by Kim Anderson, Oklahoma State University Professor and Extension Economist
This week, KCBT wheat contract prices broke the $5 resistance level. The next resistance point for the July wheat contract is about $5.38. A problem is that some analysts report that the price rally may be due to fund traders offsetting their short positions by buying wheat contracts. If this is the case, the rally may be short-lived.
Some analysts speculated that wet fields would delay spring wheat and corn field work. Delayed field work could have resulted in less planted acres and potentially lower yields. Reports indicate that field work and plantings are progressing well. It does not appear that wet fields will result in fewer planted acres, nor will they cause wheat prices to increase.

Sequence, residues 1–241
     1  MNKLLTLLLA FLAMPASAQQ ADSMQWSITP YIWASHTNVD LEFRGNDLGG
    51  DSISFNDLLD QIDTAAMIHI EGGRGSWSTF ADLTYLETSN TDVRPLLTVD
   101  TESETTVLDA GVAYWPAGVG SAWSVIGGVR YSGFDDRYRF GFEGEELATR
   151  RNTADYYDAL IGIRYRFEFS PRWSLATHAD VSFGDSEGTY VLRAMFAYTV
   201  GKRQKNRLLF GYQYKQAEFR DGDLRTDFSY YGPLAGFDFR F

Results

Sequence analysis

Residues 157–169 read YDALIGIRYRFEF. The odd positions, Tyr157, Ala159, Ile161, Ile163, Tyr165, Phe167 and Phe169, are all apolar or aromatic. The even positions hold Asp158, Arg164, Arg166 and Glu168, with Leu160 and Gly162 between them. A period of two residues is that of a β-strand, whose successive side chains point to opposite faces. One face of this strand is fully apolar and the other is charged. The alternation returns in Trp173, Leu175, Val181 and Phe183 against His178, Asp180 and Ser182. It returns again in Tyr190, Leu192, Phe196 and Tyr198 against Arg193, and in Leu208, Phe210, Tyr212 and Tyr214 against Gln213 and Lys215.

Wheat stocks should remain an albatross on wheat prices. For hard red winter wheat prices to go above $5, U.S. wheat production needs to be less than 1.9 billion bushels. The 2010 wheat production estimates range between 1.95 and 2.0 billion bushels. World wheat production needs to be below 22.5 billion bushels.
For U.S. and world wheat stocks to decline to the five-year average, 2010 U.S. wheat production needs to be less than 1.8 billion bushels. World wheat production needs to be less than 21.5 billion bushels. Production at these levels could result in soft red and hard red winter wheat prices approaching the $6 level. United States winter wheat conditions indicate that yields will be above average. Higher yields may partially offset the 13 percent reduction in winter wheat planted acres.